PEOPLE OF THE STATE OF COLORADO v. DEREK LAVAN JACKSON
For some time, law enforcement has had little guidance from the Colorado Supreme Court in the area of motor vehicle passenger rights. For example, if the driver of a motor vehicle is stopped, is the passenger stopped lawfully when we consider that he has not committed any wrongdoing? May a police officer request a passenger in a lawfully stopped motor vehicle to provide identification, and if he does so request, may the passenger refuse or ignore the request? If identification is provided, may the officer retain the identification while he determines whether there are any outstanding warrants?
THE FACTS OF THE CASE
A police officer stopped a motorist one evening. The motorist was operating his vehicle with only the parking lights illuminated when headlights were required. The officer requested and received the driver’s license, registration and proof of insurance. He also asked for and received identification from the passenger, Derek Lavan Jackson. The officer did not suspect Jackson of a crime, nor did he consider Jackson a threat. Having received the identification of both driver and passenger, the officer told them to “hang tight in the car. I’ll be back with you in a minute”. The officer returned to his patrol vehicle and conducted a “routine clearance” check to determine whether the motorist’s license was valid and whether there were any outstanding warrants for either person. The officer found there were three outstanding traffic warrants for Jackson, so the officer arrested him. Approximately 10-15 minutes had elapsed between the time the officer had contacted Jackson and when Jackson was taken into custody.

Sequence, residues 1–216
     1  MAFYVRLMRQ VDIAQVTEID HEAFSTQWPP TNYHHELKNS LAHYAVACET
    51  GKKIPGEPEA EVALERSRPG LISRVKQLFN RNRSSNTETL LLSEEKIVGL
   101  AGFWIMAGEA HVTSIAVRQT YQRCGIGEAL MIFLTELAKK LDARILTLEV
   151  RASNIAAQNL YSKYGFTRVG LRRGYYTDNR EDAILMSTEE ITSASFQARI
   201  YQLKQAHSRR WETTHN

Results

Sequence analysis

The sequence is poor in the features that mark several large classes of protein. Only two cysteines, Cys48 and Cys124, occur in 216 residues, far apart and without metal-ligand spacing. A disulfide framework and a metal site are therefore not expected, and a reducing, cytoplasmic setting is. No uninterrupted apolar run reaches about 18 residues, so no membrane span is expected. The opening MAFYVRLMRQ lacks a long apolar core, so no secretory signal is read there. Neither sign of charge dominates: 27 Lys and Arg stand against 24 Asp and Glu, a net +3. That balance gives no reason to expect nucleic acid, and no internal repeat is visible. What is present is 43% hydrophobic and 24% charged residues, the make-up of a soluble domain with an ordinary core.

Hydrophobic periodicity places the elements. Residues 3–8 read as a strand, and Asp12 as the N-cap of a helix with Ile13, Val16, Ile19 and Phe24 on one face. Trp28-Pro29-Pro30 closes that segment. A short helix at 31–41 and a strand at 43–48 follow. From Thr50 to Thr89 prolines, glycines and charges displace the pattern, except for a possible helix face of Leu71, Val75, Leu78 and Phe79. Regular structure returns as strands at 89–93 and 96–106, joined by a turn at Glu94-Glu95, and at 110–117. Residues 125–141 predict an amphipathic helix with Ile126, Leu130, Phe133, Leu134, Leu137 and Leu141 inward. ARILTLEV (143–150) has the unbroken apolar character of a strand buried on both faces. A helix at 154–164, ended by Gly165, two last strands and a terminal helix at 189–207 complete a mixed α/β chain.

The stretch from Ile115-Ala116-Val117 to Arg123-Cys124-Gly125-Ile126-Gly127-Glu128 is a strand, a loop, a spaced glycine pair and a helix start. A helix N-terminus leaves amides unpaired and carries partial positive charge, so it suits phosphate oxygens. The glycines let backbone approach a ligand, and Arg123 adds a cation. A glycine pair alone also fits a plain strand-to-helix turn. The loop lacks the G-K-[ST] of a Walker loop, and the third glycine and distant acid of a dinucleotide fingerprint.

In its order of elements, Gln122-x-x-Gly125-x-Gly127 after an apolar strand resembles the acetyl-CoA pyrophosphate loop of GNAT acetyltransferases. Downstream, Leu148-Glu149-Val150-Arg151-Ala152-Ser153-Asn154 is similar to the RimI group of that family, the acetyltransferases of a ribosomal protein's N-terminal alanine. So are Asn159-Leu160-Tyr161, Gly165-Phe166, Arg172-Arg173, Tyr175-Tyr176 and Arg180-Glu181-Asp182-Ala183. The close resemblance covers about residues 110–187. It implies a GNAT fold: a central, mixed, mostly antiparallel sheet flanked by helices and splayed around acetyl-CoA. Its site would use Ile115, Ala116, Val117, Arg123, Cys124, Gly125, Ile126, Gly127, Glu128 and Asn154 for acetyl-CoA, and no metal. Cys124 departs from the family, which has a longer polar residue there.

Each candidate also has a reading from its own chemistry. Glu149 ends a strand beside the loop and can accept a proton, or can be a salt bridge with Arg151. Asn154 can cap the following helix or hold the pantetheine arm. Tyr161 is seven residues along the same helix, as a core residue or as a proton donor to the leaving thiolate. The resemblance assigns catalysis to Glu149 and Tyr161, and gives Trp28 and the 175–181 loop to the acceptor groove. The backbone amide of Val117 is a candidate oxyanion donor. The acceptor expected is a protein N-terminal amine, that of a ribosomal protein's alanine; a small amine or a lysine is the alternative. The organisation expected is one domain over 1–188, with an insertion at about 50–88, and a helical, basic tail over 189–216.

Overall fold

Later, during the booking process at the Aurora city jail, crack cocaine was found in Jackson’s pocket, and he was charged with unlawful possession of a controlled substance. Jackson was tried and convicted of the possession charge and he appealed the conviction.
THE COURT OF APPEALS DECISION
The Colorado Court of Appeals reversed the conviction, holding that the officer had violated Jackson’s 4th amendment right to be free from an unreasonable seizure when he asked for Jackson’s identification without having any reasonable suspicion that he was engaged in any criminal activity.
The Colorado Supreme Court granted certiorari to consider whether police officers must always have a reasonable suspicion of wrongdoing to question passengers of a stopped vehicle, or whether under some circumstances, such questioning should be viewed as a consensual interview not requiring any suspicion.